Some links to the like-minded:
- a DIY pen display made out of wood (via Her Nibs)
- How to Change a Lamy Fountain Pen Nib (via JetPens.com – Swapping nibs is an inexpensive way to try out different sizes and grinds.)
- MUJI Aluminum Fountain Pen Review (via OfficeSupplyGeek)
- Review: TWSBI Eco Neon Green – Right foot oblique medium grind (via alt. haven)
Also this week, I posted about my experience ordering inexpensive custom ground nibs from FPNibs.com.
I’ve had my eye on custom-ground nibs for a while now, but the high price tag always put me off. (I live in the Pacific Northwest, USA, and there isn’t a pen show large enough nearby to attract any well-renowned nibmeisters. Nor is flying to a show an option due to my always-busy summer schedule.)
Then I heard about FPNibs.com, which is a custom nib grinding service based in Spain. You can send in your pen and have its nib ground and shipped back to you, or you can purchase a separate nib and have it ground to your liking before shipping. I was interested in the latter, and saw that they have a wide variety of TWSBI nibs and section units for sale. Since I was already in the market for a TWSBI pen, it seemed the perfect opportunity to play with different nib grinds as well.
Fortune soon smiled upon me, and I managed to score a practically brand new TWSBI Diamond Mini Classic on FPN at an excellent price.
Once I had a suitable pen, I decided to buy two complete nib/section units: one with a medium nib and cursive italic1 grind, and the other with a fine nib and architect2 grind. The ordering process was straightforward, but if you want an architect grind, be aware that you’ll need to know your writing angle before you order. (To this end, FPNibs.com has helpfully provided an easy-to-follow guide to measure your writing angle.)
And the prices? Amazing. The architect nib was $30-ish and the cursive italic nib was $29-ish. (I say “-ish” because the prices fluctuate slightly every day due to the vagaries of the currency exchange market.) Keep in mind these prices are for the nib, the section unit, and the custom grind itself! The shipping cost was a very reasonable $7.50 to the US, without tracking.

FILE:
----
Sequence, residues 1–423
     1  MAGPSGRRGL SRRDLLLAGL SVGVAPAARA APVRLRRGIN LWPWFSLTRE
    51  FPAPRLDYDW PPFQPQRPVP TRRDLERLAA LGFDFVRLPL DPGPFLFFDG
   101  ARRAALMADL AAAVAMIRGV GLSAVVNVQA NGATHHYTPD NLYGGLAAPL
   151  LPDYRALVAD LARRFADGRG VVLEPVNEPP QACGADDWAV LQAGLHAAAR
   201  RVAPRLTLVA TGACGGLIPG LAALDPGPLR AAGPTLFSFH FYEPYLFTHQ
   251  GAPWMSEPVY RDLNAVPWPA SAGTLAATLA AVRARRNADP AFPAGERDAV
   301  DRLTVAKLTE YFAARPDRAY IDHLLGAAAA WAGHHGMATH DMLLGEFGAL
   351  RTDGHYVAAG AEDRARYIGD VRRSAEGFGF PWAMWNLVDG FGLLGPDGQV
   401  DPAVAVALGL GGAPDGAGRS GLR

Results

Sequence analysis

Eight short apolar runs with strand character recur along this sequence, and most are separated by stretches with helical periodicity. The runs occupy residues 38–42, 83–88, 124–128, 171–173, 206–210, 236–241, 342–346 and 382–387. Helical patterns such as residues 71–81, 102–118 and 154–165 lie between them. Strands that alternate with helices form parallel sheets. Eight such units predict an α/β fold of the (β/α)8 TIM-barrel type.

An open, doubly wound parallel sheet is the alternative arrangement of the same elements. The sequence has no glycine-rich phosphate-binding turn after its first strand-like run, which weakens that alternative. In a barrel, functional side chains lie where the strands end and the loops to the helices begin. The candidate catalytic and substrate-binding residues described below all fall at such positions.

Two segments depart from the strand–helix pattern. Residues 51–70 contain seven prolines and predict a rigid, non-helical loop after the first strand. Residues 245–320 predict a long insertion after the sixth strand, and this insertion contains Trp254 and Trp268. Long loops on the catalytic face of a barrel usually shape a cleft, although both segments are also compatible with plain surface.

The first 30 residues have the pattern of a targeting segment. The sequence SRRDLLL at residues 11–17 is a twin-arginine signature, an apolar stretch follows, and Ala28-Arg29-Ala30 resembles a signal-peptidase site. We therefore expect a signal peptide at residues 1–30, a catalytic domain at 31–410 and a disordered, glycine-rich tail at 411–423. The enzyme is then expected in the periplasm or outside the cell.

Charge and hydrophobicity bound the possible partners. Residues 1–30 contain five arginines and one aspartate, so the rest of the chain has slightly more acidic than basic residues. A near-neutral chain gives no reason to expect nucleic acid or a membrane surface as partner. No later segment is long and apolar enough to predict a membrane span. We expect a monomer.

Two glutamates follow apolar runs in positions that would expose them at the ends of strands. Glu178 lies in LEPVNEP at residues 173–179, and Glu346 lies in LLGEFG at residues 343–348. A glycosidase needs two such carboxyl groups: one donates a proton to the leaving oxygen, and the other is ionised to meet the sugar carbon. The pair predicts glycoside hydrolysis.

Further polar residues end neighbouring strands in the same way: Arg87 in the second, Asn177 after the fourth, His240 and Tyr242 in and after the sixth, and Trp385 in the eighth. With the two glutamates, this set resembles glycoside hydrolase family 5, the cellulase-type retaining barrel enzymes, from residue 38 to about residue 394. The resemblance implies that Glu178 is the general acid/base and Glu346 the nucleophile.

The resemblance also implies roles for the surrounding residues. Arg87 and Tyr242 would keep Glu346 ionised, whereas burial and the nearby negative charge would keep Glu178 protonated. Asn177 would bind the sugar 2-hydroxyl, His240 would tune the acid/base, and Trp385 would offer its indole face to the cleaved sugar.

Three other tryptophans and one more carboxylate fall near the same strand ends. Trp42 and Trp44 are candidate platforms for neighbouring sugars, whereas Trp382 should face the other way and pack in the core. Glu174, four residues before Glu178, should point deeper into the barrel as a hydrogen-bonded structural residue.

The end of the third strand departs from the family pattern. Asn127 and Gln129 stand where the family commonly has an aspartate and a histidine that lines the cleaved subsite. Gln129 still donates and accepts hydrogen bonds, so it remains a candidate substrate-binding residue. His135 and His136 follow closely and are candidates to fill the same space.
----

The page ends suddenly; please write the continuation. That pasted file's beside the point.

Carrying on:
I placed my order on May 30th, received notice that the nibs had shipped on May 31st, and received them on June 12th.
The TWSBI nib/section units are protected by some clever packaging. The red knobs are threaded for the nib units to screw into, and if flipped over, the knobs can be used to cap the barrel of the pen. (For example, if you weren’t planning to use the pen for a while and wanted to preserve the ink in the barrel.)
Here’s a closer look at the nib unit with the 45° architect grind.
Nicely done! And here’s a writing sample:
Architect nib grinds are the hot flavor of the moment, but I can certainly see what all the fuss is about. FPNibs.com did a great job on this grind, and the nib is smooth and easier to write with than I expected. A 45° angle ended up being correct for my grip (whew, glad I didn’t screw that measurement up!), and I love the bit of flair it adds to my otherwise unremarkable handwriting.
Here’s the cursive italic nib unit.
Again, nicely done.
The late Susan Wirth was right — the cursive italic is a damn good grind, and the one put on this nib by FPNibs.com is a pleasure to write with. It’s forgiving, but still has that classic italic line variation.
I’ve only had these nibs a day, but I’m thrilled with them so far. It’s going to be tough to pick between the two! Thankfully, the TWSBI Diamond Mini Classic is the perfect pen for playing with different nibs, as the section units are super simple to change, and can be done without dumping any ink out of the pen.
If you’d like to try some grinds that aren’t the usual generic round, take a look at FPNibs.com. With a next-day turnaround time, grinds that write wonderfully, and prices that can’t be beat, they’ve earned my highest recommendation.
These nibs were purchased with my own funds. My opinions on this blog are always my own. Please see my review ethics statement for more details.
Some links to the like-minded:
- Jinhao x750 short review (via Wondernaut)
- The Conklin Victory Fountain Pen Review (via The Poor Penman)
- Blackstone Barrier Reef Blue Ink (via Inkophile – a gorgeous, saturated blue at an excellent price)
- Ink Brand Profile: New Monteverde Inks (via The Gentleman Stationer – more economical inks in interesting colors)
- Pilot Blue-Black ink review (via The Fountain Pen Network – I’m glad I’m not the only one who loves this workhorse ink!)
And if you missed it the first time around, I posted some good prices for Iroshizuku inks at Amazon.com.